We just had the second meeting. I can’t believe how quickly all the plans for our first fundraiser were put into action.  The banquet will be held at the VFW Hall April 27 at 6:00. The entire community has jumped in to help. You know how small towns are!
Sondra Ashton
HDN: Looking out my back door

April 19, 2012 

The Montana Solution to His Canadian Chain Saw Quandary

The Montana Solution to His Canadian Chain Saw Quandary
“I don’t know what to do,” said Kathy. “Richard thinks he has to have a chain saw. I keep telling him we don’t have money in the budget for a chain saw, but you know Richard. He is researching for the perfect model.”
“Are you sure he hasn’t already bought one? Did you check to see if he has one hidden in the trunk of the car? And, whatever you do, don’t take any trips without Richard.” When Kathy and I go on a trip, Richard often takes the opportunity to buy his latest coveted item, whether toy or “necessity”. He always lands an irresistible deal.
            Kathy and Richard recently moved to the country, to a 1920’s cottage on Pender Island in British Columbia. It is a real fixer-upper but it has sound bones and is well worth the work. Part of the property is an apple-orchard, part of the land is overgrown. So they alternate house renovation work with brush cutting and pruning on the “farm”.   
“I’ll search the trunk to make sure,” said Kathy, “but I don’t think he has bought it yet. He keeps talking about the comparative benefits of several brands. You know Richard. He’ll want the most expensive chain saw on the market and he’ll come up with reasons why it’s such a good buy. If we really need one, my brother John will bring his over. I’m terrified what Richard might do if he actually had a chain saw.”
            Richard is a physician, a jazz aficionado, an astute and learned man. He is well-read. He is gentle and loving. He is a wonderful listener. He is not mechanical. He is not a he-man-machine kind of guy. A chain saw in Richard’s hands could do serious damage.
“There goes the apple orchard,” I said, while visions of Richard on the loose with a chain saw ripped through my head. “Worse yet, there goes Richard’s leg.”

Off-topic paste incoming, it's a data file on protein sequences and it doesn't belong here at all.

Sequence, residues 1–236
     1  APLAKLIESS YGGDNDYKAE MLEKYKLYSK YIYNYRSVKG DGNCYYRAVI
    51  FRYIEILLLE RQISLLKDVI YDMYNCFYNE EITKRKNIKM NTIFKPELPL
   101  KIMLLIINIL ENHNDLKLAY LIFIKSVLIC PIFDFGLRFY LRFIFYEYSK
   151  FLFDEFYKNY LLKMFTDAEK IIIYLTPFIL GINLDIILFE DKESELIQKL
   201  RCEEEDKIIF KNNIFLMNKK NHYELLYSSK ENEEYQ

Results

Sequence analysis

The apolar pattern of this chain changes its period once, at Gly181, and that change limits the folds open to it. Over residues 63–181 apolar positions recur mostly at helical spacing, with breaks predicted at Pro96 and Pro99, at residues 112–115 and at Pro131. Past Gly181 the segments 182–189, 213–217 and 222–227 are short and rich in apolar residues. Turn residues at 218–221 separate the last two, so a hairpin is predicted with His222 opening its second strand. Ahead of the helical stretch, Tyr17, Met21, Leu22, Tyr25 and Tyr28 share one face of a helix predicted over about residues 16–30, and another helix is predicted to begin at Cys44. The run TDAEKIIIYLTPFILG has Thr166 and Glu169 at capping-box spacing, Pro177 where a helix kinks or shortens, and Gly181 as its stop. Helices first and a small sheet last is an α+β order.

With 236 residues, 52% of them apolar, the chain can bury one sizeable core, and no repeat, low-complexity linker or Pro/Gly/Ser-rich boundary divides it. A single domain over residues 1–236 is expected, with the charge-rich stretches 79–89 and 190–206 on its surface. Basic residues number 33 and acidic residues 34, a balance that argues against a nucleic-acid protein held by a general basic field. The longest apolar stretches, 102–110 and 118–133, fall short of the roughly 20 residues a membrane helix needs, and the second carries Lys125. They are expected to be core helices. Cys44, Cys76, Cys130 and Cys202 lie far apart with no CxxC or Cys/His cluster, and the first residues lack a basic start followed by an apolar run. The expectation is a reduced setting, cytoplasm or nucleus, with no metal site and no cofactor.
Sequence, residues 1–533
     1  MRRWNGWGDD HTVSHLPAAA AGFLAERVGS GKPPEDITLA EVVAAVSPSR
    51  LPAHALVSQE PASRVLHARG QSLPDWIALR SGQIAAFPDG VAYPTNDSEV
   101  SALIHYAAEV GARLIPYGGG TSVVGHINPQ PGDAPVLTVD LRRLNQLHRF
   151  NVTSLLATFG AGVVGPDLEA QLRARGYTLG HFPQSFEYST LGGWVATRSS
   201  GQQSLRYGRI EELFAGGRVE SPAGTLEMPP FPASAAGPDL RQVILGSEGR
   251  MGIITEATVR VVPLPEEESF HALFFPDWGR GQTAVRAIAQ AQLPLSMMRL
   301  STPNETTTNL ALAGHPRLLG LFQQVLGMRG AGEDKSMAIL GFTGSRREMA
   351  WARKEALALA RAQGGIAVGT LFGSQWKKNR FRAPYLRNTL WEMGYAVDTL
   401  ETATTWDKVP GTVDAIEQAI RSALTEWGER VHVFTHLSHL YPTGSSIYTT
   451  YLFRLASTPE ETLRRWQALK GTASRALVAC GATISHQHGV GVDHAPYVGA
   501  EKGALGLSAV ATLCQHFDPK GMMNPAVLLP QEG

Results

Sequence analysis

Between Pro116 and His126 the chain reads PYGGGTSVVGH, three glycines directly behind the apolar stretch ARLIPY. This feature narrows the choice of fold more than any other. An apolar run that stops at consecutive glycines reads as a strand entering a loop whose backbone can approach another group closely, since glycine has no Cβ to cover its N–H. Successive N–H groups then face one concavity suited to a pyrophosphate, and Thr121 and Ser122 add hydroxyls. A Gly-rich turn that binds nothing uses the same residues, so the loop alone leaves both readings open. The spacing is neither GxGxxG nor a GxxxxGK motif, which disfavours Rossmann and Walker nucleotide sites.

The months have slipped by since our conversation. So far my friend has not bought a chain saw. However, he periodically renews the quest. I know Richard well. Eventually he will buy his chain saw.
So, when at the Annual Flea Market in Loma, I saw the chain saw display, my eyes bugged out. Immediately I thought of Richard. “Oh, this is too perfect,” I said. I was so excited that I was almost dancing.
What a fun event the Flea Market was. Vendors came from all over with an un-ending variety of stuff to enjoy, goods to buy, food to eat and all under one roof. At the same time, throughout the little town, several people held their own garage sale. It was at such a sale that I found the chain saw.
When I got home that night I phoned Kathy and Richard, “Your troubles are over, Richard. I found you THE chain saw of your dreams. I knew I had to get it, no matter the cost. It was such a great deal that I couldn’t pass it up. I’m so excited. Richard, I know you have wanted one of these since you moved to Pender Island. I will ship it to you on Monday.
Kathy said, “I’m not sure whether I am still talking with you. What were you thinking?”
I ignored her. “Richard, it is complete—you will not have to buy any accessories. And, Kathy, it is the safety features that impressed me. I have been around chain saws all my life and never have I seen one like this. It is in perfect condition. When it arrives I want photos. Oops, the time. Gotta go! Love you.”
I have been cackling up my sleeve ever since. They will probably get the package next Monday. I wish I could be a bug on their wall and see the look on their faces when they open the box. For customs I declared the five dollar value that the Montana Chain Saw cost me at the garage sale. It is a perfect replica of an ordinary hand saw’s handle from which hangs a long carved chain, the links beautifully entwined. The man carved the whole thing from a length of wood.  
When I get ready to buy my next vehicle, I am going shopping in Loma. The man who carves the “chain” saws also makes a broom with a diamond willow handle and straws of native grass. It is just my kind of vehicle--classy and easy on gasoline.
Sondra Ashton

HDN: Looking out my back door

April 12, 2012